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Irish Peace Negotiator Dead At 55

British politician Mo Mowlam, whose no-nonsense negotiating as Northern Ireland secretary helped forge the province's landmark peace accord, died Friday, a family spokesman was quoted as telling Britain's Press Association news agency. She was 55.

Prime Minister Tony Blair paid tribute to his former Cabinet minister, saying she had transformed the politics of Northern Ireland and played a key role in the revival of his Labour Party.

"Mo was surely one of the most remarkable and colorful personalities ever to come into politics. Great company, utterly irreverent, full of life and fun," Blair said in a statement released by his Downing Street office.

Mowlam was admitted to King's College Hospital in London earlier this month, reportedly after hitting her head in a fall. She was transferred last week to a hospice in Canterbury, southern England.

The Press Association said Mowlam had never regained consciousness, and had suffered balance problems after receiving radiotherapy treatment for a brain tumor.

Mowlam died at 8:10 a.m. (0710GMT) at the Pilgrim's Hospice in Canterbury, family spokesman Brian Basham said. The Press Association reported that Mowlam earlier had asked not to be resuscitated, and that hospice carers later withdrew food and water.

"Her family wishes to thank the many well-wishers who have sent cards, messages and flowers and to say that, although, the funeral will be a private family occasion, there will be a memorial event in a few months," Basham said.

Mowlam's family requested that people not to send flowers, but instead make donations to the hospice where she died, Basham said.

Mowlam was one of Britain's most popular politicians, admired by the public for her willingness to speak frankly, her bravery in fighting the brain tumor and her role in Northern Ireland's peace process.

She was appointed Northern Ireland secretary soon after Prime Minister Tony Blair's Labour Party came to power in 1997, and served until 1999.

A blunt-spoken former university lecturer, Marjorie Mowlam - universally known as Mo - oversaw the negotiations that led to the landmark Good Friday peace agreement and the revival of Catholic-Protestant power-sharing in the British-governed province.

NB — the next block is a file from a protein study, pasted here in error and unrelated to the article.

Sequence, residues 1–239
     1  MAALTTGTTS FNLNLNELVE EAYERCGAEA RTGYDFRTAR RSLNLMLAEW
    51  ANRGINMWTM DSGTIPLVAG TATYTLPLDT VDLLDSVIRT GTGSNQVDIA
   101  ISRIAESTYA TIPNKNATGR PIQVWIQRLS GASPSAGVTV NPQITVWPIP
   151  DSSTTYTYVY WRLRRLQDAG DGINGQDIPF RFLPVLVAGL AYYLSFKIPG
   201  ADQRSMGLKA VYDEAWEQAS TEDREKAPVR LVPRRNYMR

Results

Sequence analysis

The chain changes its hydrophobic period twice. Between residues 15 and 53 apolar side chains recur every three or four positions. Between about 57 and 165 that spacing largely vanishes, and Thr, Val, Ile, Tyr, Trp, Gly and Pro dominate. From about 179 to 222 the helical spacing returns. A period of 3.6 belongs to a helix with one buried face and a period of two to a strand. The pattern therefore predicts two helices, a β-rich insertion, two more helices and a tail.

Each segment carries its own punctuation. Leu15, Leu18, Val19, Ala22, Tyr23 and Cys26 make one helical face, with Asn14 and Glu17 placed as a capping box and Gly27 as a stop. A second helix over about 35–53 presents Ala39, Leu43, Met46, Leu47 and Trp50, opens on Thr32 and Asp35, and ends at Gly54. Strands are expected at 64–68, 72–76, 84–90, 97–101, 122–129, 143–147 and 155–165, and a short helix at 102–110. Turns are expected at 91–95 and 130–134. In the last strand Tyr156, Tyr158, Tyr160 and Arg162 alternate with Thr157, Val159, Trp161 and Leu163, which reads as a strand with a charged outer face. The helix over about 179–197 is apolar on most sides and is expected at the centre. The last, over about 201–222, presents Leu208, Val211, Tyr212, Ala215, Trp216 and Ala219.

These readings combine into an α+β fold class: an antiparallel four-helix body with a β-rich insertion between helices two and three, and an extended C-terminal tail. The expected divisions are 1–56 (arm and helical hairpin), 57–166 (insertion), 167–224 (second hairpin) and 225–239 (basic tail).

She was recovering from the brain tumor as she attempted to revive the peace deal.

Observers of the 22 months of negotiations that led to the 1998 accord cited Mowlam's approachability as a key factor. Although some Protestant politicians objected to her informality, her tenure appeared to encourage the Irish Republican Army-tied Sinn Fein Party to participate in the peace process.

A popular figure on the left of the Labour Party, Mowlam eventually fell out with Blair's centrist government. She was moved to a lower-profile position in 1999 and left politics in 2001.

In a 2002 memoir, Mowlam said she quit the government and politics partly because Blair's advisers were spreading rumors that her battle with a brain tumor had left her intellectually unfit.

"My health was used against me all the way through the whispering campaign," she told a Channel 4 television documentary in 2002. "They'll stop at nothing. ... (It was) vicious, violent, appalling behavior by the people that did it. Some might say that's politics. I think it's just despicable."

Blair's office denied the claim.

In a memoir, "Momentum," published the same year, Mowlam said the campaign against her intensified after she refused Blair's request that she run for mayor of London.

She also accused Blair of being too controlling, not trusting those around him and dismissing the views of anyone who disagreed with him.

"It gradually became clear to me that I was being treated as a girlie - a popular female commodity who would be useful with the voters," she wrote.

Nevertheless, Blair paid a warm tribute to Mowlam after her death was announced.

"She was a key architect of New Labour, but had support across the spectrum," the prime minister said. New Labour is the term used to describe the modernized Labour Party, which swept to power in 1997 after 18 years in opposition.

"Of course she came into her own in respect of Northern Ireland. It is no exaggeration to say she transformed the politics not just of Northern Ireland itself, but crucially of relations between the Republic of Ireland and the United Kingdom, and it was this transformation that created the culture in which peace-making could flourish," Blair's statement said.

Mowlam is survived by her husband, Jon Norton.

By Jill Lawless

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